Q: What happened when you met? How did that change your art and your worldview?

SPRATT: She was the first woman I met that really untethered me. I was this clenched, tight-fisted, hyper detailed person that would just sit and focus on this one singular thing forever. She entered my life and showed me a power that comes from letting go of that at times so that I have something to bring back. That first LUCI painting: Slipspace, when I look at it now, it’s a very over-the-top representation of a very real feeling. All of LUCI is based on these things that are overly earnest, real thoughts. I really mean them when I make them. But, through the actual creation process, I get to say goodbye to feeling something that intensely. It’s sort of a way of letting go. Don’t go back there. Grow. The next year, I spent both studying the NFT space and creating the first three pieces of LUCI;, Birth of Luci, Lullabies for Isaac, and First Sacrifice, which comprise LUCI: Chapter 1. I think that was the first time in my life I’d really just put aside everything else. I shut out clients. I shut out doing other things and dedicated this time to myself, and I am glad I did.

Q: Can you give us a preview of the piece you are creating for AOTM? What is it about? What was the process of making it? 

SPRATT: Sure. In the Trailer for LUCI: Chapter 4 “VIII. Infinite Ceremony”, there is some time lapse footage of its creation process inside it, paired with the written words that accompany each of my paintings. I write these  psalms as the lore of LUCI. A layer of richness of the arc for people paying closer attention can dive into, but not essential to see what Luci is. The next painting is titled VIII. Infinite Ceremony. It is a painting about love and sacrifice. That in order to make a grand commitment in your life, you have to be flayed open, by your own choice, and through your own hard work. To let a divine union, something we’ve been doing for millenia, truly into your life. That if you really want to build something strong, your reality and your life’s partner’s reality must be shared, however brutally. To build that, you must ensure there’s nothing in the way between you. Making sure the increments break down so much that the truth between two people can exist not just in words or actions but in atoms and time, in a spectrum of life under this one— that the ugliest bits and the most beautiful are there on the table to be examined, nurtured, and designed when in unison: to grow.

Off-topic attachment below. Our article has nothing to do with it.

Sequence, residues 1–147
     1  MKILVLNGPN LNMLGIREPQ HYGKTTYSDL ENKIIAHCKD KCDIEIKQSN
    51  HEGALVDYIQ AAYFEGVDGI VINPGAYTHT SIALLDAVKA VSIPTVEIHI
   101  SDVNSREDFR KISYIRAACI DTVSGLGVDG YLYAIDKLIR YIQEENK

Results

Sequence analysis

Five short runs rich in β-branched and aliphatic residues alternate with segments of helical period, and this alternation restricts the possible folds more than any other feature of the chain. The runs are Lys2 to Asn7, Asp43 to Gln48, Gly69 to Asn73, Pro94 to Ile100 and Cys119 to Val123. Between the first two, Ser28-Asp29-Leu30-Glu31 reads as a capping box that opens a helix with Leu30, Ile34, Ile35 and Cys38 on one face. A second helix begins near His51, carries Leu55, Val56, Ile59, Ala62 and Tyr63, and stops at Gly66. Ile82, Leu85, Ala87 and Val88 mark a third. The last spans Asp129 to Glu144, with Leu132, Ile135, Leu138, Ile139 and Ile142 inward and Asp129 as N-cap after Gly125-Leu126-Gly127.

Author: Georgia O'Eth